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Commentary: August ends with catfish songs and a prized 'Hen'

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The Hen of the Woods, or Maitake mushroom, grows at the base of oak trees and is considered a prized mushroom for its taste and medicinal qualities. Brad Dokken / Forum News Service2 / 2

GRAND FORKS — It's not often that I get to write about my enjoyment of music and fishing in the same column, but the opportunity came along recently in the form of a songwriting contest sponsored by Half Brothers Brewing Company in Grand Forks.

Local singer-songwriter Joe Greenwood has written, performed and videoed a collection of folk songs about the Red River as part of the 12-week contest, which just wrapped up and required contestants to submit a new song each week.

Greenwood calls his 12-song collection "As the River Turns: The Red River Adventures of Captain Joe Eddie." The collection includes everything from songs such as "Catfish Stew" and "As The River Turns," to a 13-minute epic called "The Catfish Mermaid (Or, The Transformation of Captain Joe Eddie Into a Catfish)."

With a harmonica, an acoustic guitar or mandolin and a voice perfectly suited to singing about the river — comparisons to early '60s Bob Dylan or acoustic Neil Young are inevitable — Greenwood has compiled his collection into a playlist that's available on YouTube.

I learned about the collection and the inspiration for writing the songs a couple of weeks ago while interviewing Greenwood for a story about zebra mussels, which have been showing up with unfortunate frequency late this summer on the Red River.

A fisherman himself, Greenwood says the Red River and his fictional alter ego river captain were logical topics for his contest songs.

The concept is a "long story," he says.

"The song contest could be whatever, and most of the people are writing pop songs or folk songs," Greenwood said. "I decided to go with folk story songs, so I'm trying to really tell a sort of mythological story, and I think fishermen will like it because it's all about the river and catfish."

A single judge picked four winners each month, and the 12 singer-songwriters making the cut will perform the songs that got them there in a concert set for 7 to 9:30 p.m. Sept. 7 at the downtown Grand Forks brewery.

A panel of judges will pick the grand prize winner, who will receive $550, 10 hours of studio time and a prime performance slot at the Greenway Takeover Festival set for Sept. 13-16.

As of late last week, Greenwood wasn't sure if he'd be a finalist but remained hopeful he'd be among the August winners. Regardless of the outcome, he says he has enjoyed the ride he took in writing and performing the songs.

"It really took me on a journey, especially considering the subject matter and the story structure," Greenwood said.

The song collection is available by going to YouTube.com and searching for "The Red River Adventures of Captain Joe Eddie."

Hen of the Woods find

Four years ago about this time, I came across an odd-looking mushroom that resembled a brain at the base of an oak tree on our land in northwest Minnesota.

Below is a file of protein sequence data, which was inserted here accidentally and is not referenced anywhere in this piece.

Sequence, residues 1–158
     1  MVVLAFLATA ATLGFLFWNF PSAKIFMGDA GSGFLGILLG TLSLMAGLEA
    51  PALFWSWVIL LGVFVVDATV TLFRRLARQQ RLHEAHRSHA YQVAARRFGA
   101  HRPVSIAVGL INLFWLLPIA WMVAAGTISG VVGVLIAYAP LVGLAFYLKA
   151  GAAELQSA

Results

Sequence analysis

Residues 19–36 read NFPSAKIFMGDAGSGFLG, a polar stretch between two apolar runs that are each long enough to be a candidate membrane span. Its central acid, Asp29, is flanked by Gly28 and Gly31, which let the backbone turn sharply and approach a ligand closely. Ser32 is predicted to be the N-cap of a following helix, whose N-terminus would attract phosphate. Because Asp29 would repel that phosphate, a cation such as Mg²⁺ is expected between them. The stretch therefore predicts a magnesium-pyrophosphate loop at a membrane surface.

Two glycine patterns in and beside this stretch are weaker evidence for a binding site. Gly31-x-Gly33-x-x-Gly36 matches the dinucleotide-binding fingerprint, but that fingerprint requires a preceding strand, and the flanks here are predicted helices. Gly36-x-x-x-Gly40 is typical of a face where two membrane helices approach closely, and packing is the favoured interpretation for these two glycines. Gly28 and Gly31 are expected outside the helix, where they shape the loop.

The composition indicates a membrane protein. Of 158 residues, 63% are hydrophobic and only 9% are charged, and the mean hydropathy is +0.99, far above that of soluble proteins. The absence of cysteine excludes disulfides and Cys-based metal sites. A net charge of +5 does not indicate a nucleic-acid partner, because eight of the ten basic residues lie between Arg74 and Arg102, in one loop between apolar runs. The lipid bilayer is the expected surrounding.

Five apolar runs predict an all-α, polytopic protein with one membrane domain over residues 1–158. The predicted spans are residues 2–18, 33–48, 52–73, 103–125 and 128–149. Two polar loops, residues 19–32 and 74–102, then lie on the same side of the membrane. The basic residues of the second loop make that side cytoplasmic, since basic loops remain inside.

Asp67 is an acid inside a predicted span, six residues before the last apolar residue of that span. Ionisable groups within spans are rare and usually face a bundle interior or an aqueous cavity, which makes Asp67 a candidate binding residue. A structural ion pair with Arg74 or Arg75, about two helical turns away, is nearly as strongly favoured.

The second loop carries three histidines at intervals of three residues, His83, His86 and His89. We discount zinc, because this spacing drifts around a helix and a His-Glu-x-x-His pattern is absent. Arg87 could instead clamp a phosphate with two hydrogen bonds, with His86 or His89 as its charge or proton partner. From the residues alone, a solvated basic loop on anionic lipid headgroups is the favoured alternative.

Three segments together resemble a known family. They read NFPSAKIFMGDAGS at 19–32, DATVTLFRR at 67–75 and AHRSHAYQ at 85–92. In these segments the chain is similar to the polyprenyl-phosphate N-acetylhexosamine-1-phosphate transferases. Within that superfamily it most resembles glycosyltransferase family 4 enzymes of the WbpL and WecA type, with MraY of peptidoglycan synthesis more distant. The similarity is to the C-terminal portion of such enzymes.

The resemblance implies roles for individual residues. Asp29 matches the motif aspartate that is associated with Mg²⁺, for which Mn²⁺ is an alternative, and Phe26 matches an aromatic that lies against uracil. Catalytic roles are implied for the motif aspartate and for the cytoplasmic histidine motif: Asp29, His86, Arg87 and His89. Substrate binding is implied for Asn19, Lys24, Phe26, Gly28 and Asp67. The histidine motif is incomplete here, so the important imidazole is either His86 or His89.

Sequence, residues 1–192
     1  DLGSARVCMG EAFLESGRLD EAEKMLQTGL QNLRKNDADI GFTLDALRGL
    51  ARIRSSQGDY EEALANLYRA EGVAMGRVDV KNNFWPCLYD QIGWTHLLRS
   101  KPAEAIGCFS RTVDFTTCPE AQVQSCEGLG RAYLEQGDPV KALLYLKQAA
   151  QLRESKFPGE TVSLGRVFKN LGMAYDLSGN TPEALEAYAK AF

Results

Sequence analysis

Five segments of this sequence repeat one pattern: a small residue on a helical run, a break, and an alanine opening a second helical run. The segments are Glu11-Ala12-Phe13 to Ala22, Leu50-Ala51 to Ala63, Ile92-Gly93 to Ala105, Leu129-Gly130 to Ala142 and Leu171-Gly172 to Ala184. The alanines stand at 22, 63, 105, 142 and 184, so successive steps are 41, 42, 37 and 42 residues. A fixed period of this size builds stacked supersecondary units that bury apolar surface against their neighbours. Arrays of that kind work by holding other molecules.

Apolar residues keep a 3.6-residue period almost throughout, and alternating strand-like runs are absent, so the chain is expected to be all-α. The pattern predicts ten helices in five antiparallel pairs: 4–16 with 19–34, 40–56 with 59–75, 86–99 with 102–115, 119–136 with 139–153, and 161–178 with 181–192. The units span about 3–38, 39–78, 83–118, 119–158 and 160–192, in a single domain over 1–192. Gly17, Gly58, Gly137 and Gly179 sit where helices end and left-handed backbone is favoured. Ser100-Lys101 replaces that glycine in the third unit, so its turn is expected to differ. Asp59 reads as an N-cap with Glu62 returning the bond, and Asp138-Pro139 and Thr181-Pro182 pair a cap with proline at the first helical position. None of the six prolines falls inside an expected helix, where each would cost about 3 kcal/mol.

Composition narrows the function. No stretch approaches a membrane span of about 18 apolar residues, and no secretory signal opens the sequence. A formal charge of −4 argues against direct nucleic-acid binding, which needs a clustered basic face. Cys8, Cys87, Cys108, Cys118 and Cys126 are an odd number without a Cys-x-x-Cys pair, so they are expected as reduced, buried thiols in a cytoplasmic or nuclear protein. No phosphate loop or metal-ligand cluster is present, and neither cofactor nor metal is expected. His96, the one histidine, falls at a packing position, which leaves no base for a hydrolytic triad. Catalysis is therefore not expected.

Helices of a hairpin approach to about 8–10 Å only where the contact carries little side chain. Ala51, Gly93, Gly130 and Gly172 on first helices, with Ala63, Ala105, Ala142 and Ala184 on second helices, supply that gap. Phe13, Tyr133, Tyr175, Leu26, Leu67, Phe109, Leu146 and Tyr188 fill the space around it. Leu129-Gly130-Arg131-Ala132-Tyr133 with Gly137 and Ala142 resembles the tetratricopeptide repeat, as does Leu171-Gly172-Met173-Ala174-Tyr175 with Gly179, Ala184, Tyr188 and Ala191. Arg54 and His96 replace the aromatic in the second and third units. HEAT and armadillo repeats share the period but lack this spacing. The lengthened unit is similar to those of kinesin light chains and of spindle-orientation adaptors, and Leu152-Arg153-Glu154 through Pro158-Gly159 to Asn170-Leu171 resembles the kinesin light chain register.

Curious to learn what it was, I sent a photo of the brain-like mushroom to Matt Breuer of Bemidji, Minn., a hunting and fishing guide and expert in mushrooms and similar wild goodies.

Breuer was quick to reply, saying the big mushroom was a Hen of the Woods.

"My favorite," he said.

The mushroom was well past its prime by the time I got back up north several days later, and I hadn't seen one since.

Until last week, when I found another "hen" growing in the exact spot at the base of the oak tree where I'd encountered the previous one in 2014.

The mushroom was in prime condition, so I wasted no time in picking it.

I'm always skittish about mushrooms, but everything I read online quickly waylaid those concerns. Hen of the Woods, also known as Maitake mushrooms, always grow at the base of oak trees, I learned, and they don't have a look-alike that's either dangerous or poisonous. Research also has shown the mushrooms to boost immune systems and inhibit the growth of certain cancer cells, among other health benefits.

I checked out a couple of YouTube videos for tips on preparing the hen and sampled it as part of a recent evening meal. The shape and makeup of the mushroom reminded me of a cauliflower, with its series of florets attached to a large central stem.

I cut away the base of the stem and gave the mushroom a thorough rinsing. I then peeled off several of the florets, removing any of the remaining creepy-crawlies I could find and giving each of the pieces another good rinsing.

I sauteed the florets in olive oil and sprinkled them with a dash of sea salt.

No wonder they're Breuer's favorite.

I absolutely love morels, but the Hen of the Woods definitely gives the morel a run as the tastiest mushroom I've ever eaten. I'll definitely pick every hen I find from here on out.

Brad Dokken

Brad Dokken is a reporter and editor of the Herald's Sunday Northland Outdoors pages. Dokken joined the Herald company in November 1985 as a copy editor for Agweek magazine and joined the Herald staff in 1989. He worked as a copy editor in the features and news departments before becoming outdoors editor in 1998. He also writes a blog called Compass Points. A Roseau, Minn., native, Dokken is a graduate of Bemidji State University. 

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